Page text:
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21 Does the number of pre-operative assessments of strabismus patients influence the surgical outcome?
  1. S McAuley,
  2. J Choi,
  3. I Zaman-Khan
  1. Sheffield Teaching Hospitals NHS Foundation Trust, UK


Surgical strabismus traditionally attended for several face-to-face (FTF) measurements before being listed for surgery. During the Covid-19 pandemic, a streamlined care-pathway was adapted to reduce FTF contact time to protect staff and manage floor-flow. Patients were listed for surgery after just one face-to-face orthoptic assessment, followed by a further measurement at pre-assessment.

This is a case cohort to look at surgical outcome of all consecutive exotropia patients who underwent re-do horizontal muscle surgery over the last 14 years, from a surgeon’s prospective database.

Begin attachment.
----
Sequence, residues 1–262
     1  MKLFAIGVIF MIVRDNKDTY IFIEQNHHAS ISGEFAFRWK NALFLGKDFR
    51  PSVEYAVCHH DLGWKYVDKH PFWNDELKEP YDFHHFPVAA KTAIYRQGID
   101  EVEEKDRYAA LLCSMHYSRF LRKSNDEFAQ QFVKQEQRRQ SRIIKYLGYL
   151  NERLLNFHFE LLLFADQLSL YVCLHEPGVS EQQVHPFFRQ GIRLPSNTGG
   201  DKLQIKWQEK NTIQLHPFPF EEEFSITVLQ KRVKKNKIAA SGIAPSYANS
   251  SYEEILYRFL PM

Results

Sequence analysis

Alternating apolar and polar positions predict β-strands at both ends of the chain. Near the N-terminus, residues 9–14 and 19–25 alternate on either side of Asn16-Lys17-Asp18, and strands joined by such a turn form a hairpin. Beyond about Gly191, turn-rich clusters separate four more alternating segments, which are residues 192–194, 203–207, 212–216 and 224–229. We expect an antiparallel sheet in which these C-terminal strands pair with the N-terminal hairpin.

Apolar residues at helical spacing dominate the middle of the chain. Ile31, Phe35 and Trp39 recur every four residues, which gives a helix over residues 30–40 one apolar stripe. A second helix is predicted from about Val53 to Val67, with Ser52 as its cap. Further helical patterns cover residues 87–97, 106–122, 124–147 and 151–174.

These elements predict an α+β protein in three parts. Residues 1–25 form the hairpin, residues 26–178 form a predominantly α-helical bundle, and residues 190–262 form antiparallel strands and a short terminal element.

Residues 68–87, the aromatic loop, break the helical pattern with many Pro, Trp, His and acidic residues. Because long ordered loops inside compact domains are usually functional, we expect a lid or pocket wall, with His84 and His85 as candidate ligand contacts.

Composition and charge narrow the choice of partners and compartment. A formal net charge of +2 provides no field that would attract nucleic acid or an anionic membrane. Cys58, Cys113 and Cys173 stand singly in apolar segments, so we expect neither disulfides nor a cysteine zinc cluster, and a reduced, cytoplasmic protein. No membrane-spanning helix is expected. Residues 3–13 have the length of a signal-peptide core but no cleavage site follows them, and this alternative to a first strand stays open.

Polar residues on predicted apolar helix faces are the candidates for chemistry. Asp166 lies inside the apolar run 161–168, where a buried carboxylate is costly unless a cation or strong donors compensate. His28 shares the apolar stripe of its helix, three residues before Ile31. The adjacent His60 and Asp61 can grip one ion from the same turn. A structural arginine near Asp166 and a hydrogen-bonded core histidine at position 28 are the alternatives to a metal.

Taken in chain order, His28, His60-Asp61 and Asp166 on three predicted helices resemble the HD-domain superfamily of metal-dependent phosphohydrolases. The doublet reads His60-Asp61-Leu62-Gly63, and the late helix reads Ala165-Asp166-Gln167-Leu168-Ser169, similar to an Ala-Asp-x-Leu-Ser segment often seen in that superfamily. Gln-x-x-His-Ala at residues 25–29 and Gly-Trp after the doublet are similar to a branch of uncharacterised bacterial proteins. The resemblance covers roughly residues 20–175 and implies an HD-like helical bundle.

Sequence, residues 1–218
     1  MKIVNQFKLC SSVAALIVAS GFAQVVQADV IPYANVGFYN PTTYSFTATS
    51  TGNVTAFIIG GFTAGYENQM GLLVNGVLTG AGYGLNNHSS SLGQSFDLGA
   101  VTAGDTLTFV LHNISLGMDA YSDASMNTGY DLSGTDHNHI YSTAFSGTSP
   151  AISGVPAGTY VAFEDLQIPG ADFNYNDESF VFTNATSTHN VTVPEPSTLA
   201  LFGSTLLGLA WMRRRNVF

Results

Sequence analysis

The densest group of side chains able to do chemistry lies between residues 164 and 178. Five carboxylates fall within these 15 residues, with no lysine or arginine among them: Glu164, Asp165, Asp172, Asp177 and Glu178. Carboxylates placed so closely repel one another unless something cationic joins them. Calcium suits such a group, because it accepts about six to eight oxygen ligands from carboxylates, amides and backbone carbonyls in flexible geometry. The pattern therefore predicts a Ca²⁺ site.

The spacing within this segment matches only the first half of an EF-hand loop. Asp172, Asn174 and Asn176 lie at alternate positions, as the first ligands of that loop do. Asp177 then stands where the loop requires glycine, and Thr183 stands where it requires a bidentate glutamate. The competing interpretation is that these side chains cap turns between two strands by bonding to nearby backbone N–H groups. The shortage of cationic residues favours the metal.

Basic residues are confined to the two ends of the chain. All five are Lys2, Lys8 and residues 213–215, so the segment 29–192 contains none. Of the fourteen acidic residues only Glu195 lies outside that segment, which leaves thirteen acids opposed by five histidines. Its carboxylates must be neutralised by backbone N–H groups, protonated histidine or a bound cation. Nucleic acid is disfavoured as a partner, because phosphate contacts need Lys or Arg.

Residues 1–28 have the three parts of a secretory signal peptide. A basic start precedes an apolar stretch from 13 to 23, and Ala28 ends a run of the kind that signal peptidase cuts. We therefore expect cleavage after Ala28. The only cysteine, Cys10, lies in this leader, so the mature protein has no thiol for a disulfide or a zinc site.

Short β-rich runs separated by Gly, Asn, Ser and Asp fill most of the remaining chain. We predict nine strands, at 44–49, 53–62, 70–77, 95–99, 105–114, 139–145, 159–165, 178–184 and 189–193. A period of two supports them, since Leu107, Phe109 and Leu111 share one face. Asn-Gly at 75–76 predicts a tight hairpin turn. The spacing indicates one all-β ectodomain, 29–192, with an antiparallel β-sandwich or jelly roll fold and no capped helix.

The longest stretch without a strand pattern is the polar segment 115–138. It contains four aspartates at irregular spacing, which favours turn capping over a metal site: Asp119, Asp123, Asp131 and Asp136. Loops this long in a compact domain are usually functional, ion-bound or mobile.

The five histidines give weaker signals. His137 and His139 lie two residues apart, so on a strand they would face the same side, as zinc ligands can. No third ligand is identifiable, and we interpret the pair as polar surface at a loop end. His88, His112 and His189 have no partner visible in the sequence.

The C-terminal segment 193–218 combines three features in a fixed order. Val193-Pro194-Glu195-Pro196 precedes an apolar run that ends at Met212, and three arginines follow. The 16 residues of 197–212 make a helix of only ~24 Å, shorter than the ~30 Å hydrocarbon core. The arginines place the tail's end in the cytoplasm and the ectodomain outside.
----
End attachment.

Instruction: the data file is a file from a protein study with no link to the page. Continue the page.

65 patients had surgery before the pandemic (Group-A) and 28 since the pandemic (Group-B). The mean age was 34.9 and 39.1 years respectively. The mean pre-operative near-angle was 37.5 prism dioptres (PD) and distance-angle of 34.8PD for group-A. Group B was 39.3PD for near and 36.3PD for distance. 89.1% in group-A and 89.2% in group-B had suppression. Postoperative alignment within 15PD was achieved, after a combination of fixed and adjustable procedures, for 75.4% in group-A and 88.5% in group-B with predominant adjustable procedure. The mean 2-weeks post-operative alignment was -1PD for group-A and -1.3PD for group-B. Group-A had an average of 3.6 measurements, with 3.3 doctor consultant prior to surgery and group-B had 2 FTF orthoptics and 1 FTF doctor contact.

44.4% reduction in face-to-face orthoptics contact-time and 69.7% less consultant contact-time had not negatively affected the patient surgical outcome.

Strabismus surgery can be considered in selected cases with less FTF pre-operatively and improve cost-efficiency of our adult strabismus service with ‘block-contract’ status.

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